Minecraft is a notable example of a system using a pseudorandom number to generate its random worlds. When generating a world, Minecraft starts with a seed number; whatever goes in creates a random world. Normally Minecraft gets its random number from its Java runtime, but you also can provide your own number. If a friend uses the same number you did, the friend will get the exact same “random” world.
Pseudorandom number sound like a horrible idea. In practice, they can be highly secure, even for cryptographic purposes. The trick is to create a seed that can’t be predicted by an adversary.
The Yarrow random number generator is used by Mac OS X and iOS; it’s an open source, un-encumbered algorithm placed into public domain by its creators to improve encryption for everyone. (Go read that link, it’s useful.)
The astute reader will notice that the previous RNG method I described is really just a variation of this one: it just involves getting an unpredictable seed at a high enough rate you can build a pool of entropy to feed into an algorithm.
In computing, you can get all sorts of entropy sources. A Mac or PC has a mouse, keyboard, network ports, and thermal sensors. A mobile phone has motion sensors, light sensors, microphones, and several kinds of radios; if you can’t get a random seed out of that you’re not trying. Servers are more challenged; they don’t have users whose typing speed and mousing varies fractionally but significantly from second to second, or any of the many sensors a phone might use. Pretty much the only sensors a server has are the thermometers on its CPUs, RAM and drives, and its network ports. Harder to keep that entropy pool full.
Intel added a very good hardware RNG to its chips in 2011’s IvyBridge update. Electronic Design has a very good article about it, Understanding Intel’s Ivy Bridge Random Number Generator; also helpful is an IEEE article by the designers at Intel, Behind Intel’s New Random-Number Generator.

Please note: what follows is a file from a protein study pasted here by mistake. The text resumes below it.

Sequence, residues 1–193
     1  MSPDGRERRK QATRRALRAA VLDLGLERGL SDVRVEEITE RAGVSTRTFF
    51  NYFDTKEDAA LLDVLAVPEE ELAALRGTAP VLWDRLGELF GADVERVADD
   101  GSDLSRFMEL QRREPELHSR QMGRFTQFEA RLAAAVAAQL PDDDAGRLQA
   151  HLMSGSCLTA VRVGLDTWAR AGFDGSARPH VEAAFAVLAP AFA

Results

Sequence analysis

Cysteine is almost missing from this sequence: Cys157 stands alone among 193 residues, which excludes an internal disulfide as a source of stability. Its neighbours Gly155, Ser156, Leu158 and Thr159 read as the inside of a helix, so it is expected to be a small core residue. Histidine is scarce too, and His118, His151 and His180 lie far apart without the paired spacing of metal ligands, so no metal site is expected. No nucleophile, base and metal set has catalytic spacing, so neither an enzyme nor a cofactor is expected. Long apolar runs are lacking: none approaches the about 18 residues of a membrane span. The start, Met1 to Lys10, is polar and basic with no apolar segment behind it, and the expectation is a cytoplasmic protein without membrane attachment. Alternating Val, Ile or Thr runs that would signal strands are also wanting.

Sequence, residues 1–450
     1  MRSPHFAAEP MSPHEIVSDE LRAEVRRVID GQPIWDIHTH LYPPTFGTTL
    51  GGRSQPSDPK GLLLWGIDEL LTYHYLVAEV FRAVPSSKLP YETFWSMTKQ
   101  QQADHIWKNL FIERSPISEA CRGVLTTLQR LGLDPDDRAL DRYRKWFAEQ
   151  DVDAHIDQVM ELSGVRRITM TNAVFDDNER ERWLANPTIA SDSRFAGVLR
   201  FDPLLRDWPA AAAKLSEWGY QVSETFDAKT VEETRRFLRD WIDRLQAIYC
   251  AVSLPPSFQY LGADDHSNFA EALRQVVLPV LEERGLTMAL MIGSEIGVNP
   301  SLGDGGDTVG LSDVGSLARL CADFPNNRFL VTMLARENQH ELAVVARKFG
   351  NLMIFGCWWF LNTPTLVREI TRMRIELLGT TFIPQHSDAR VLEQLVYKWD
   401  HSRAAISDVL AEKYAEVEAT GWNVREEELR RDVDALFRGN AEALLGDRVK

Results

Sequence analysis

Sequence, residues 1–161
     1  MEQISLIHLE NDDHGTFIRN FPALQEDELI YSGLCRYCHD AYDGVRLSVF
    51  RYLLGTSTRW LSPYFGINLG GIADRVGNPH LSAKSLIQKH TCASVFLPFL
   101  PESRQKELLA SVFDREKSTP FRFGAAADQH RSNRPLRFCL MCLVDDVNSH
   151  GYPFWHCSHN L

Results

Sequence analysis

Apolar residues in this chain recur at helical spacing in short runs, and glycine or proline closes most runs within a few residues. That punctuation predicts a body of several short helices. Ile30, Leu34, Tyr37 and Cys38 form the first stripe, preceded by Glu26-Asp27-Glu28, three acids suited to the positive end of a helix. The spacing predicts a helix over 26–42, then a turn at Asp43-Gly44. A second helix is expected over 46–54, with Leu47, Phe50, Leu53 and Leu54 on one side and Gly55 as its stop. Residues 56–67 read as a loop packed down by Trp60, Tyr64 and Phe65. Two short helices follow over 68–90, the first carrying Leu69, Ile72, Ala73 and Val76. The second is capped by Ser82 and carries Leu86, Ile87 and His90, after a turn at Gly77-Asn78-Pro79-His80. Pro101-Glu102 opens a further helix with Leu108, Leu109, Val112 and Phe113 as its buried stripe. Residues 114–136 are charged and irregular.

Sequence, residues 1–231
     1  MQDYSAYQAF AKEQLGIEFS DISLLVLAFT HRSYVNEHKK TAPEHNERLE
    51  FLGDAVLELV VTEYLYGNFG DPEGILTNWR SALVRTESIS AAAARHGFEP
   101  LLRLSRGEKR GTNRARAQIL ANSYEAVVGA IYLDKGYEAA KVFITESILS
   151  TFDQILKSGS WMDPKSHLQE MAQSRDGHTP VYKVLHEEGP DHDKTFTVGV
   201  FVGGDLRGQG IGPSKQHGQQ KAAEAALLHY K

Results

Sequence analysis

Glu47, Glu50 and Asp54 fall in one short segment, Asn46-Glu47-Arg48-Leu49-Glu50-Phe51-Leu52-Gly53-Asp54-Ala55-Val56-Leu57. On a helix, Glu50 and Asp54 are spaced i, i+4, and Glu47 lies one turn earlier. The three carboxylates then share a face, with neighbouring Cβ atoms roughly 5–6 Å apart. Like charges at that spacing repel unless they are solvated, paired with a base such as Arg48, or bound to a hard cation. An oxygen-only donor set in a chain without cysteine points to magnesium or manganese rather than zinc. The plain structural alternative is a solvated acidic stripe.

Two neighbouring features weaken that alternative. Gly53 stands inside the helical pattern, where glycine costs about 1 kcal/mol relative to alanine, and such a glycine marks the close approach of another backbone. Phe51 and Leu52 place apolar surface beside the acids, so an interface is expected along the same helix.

In a nutshell, it uses noise from a thermal source source to seriously perturb some transistors. This generates about 3 billion random 0’s and 1’s per second, and then Intel makes the bits jump through well-designed hoops. It’s a pretty darned source of entropy, especially if you combine it with noise from other sources.
(Intel first added hardware RNGs in 1999, but they were power-hungry analog components of an otherwise digital chip, which posed manufacturing headaches.)
Good enough is enough.
This brings us full circle: We have ways to generate numbers that cannot be predicted by another tool with a rate of success better than chance. They’re random enough. Presuming the encryption algorithm is good, we’re reasonably confident we can feed it good random numbers and get a secure output.
Evidence it’s good enough: These computer-generated random numbers have the FBI sufficiently stymied they’ve tried to circumvent Congress.